Britain to see spike in bee swarms thanks to hot temperatures this summer, keepers warn

The heatwave is causing huge swarms of bees across the UK, ITV News Reporter Amy Welch meets keepers to find out why

Britain is to see a spike in bee swarms this summer, keepers have warned.

Lampposts, a trolley, and even a wheel barrow have all been engulfed by buzzing hives this summer.

In Manchester a colony of thousands of bees took over a table in a coffee shop.

As temperatures rise, the number of swarms do too.

Gareth Trehearn from Manchester Honey Company. Credit: ITV News

Gareth Trehearn, from Manchester Honey Company, said: "We've been called to about 40 swarms, bees prefer to swarm on a warm day as if they get caught in the rain things get a little difficult for them.

"As you know we had a good period of hot sunny weather which is why i think the hives kept swarming over and over again."

Last month, the British Beekeeping Association said searches on its website on the "swarm" page were up 19% and the "find a beekeeper page" traffic was up by 33%.With a spike in swarming in early May some honey bee colonies will expand rapidly again, the association said.

They warned there could be a potential second round of late swarming in July if the extended period of warm weather continues.

If you see a swarm the advice is not to panic and call the professionals. 

When asked whether Britain would see another spike in bee swarms, keeper Chris MacLeod , who is president of the Manchester & District Beekeepers Association, said "yes, it would".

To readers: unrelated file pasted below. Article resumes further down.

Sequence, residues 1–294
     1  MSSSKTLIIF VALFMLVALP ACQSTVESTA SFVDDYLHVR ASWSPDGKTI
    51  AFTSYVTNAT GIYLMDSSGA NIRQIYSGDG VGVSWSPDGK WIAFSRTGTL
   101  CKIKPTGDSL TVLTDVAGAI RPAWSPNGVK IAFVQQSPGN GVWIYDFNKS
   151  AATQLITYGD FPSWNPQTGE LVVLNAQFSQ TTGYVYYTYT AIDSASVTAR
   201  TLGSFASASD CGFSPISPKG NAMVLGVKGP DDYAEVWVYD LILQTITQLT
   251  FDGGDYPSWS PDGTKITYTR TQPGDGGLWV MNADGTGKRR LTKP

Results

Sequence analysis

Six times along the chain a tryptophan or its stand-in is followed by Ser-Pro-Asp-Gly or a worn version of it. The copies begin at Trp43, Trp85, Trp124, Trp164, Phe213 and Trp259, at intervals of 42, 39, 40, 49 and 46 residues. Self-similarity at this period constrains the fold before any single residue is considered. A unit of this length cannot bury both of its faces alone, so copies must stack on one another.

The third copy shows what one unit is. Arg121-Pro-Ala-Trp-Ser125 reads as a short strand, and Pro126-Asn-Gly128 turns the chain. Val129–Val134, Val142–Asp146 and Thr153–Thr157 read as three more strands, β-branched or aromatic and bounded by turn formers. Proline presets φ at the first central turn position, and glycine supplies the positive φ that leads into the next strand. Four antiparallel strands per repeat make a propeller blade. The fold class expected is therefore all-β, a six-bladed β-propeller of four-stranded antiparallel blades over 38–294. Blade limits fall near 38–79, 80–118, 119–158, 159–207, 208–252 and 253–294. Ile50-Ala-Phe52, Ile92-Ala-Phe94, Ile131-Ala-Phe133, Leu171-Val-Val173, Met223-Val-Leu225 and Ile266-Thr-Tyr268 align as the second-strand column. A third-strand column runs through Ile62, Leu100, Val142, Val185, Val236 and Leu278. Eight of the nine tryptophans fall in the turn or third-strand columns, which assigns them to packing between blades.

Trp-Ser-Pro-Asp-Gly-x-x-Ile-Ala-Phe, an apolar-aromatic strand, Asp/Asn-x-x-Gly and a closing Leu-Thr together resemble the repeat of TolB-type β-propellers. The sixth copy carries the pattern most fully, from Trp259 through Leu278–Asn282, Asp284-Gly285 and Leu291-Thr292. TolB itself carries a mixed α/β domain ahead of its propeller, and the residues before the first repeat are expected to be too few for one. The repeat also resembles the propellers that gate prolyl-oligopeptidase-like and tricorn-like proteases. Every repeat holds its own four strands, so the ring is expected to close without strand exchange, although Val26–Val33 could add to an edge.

Chris MacLeod , who is president, Manchester & District Beekeepers Association. Credit: ITV News

She added: "You've got hot thundery weather and the bees are going mad.

"The Queens are laying - there's a lot of very large colonies."

Why do bees swarm?

Bees swarm when the old queen leaves her original hive with some of the bees.

As they scout for a new home, the remaining bees cluster somewhere creating a swarm.

Most swarms occur on warm sunny days from May to the end of July usually between 11am - 4pm, according to the British Beekeepers Association.

What to do if you get stung by a bee

One coffee shop in Manchester called in the professionals to remove this beehive. Credit: ITV News
  • If it's swollen, put an ice pack wrapped in a cloth or a clean cloth soaked in cold water on the bite or sting for at least 20 minutes

  • Keep the area raised

  • Take painkillers such as paracetamol or ibuprofen if the sting is painful

  • Use antihistamines to relieve any itching (but do not use antihistamine cream if you had caterpillar hairs on your skin)

  • Use a hydrocortisone cream to reduce itching and swelling

Call 999 if you:

  • Get a skin rash that may include itchy, red, swollen, blistered or peeling skin

  • Are wheezing

  • Get tightness in the chest or throat

  • Have trouble breathing or talking

  • Your mouth, face, lips, tongue or throat start swelling

You could be having a serious allergic reaction and may need immediate treatment in hospital.

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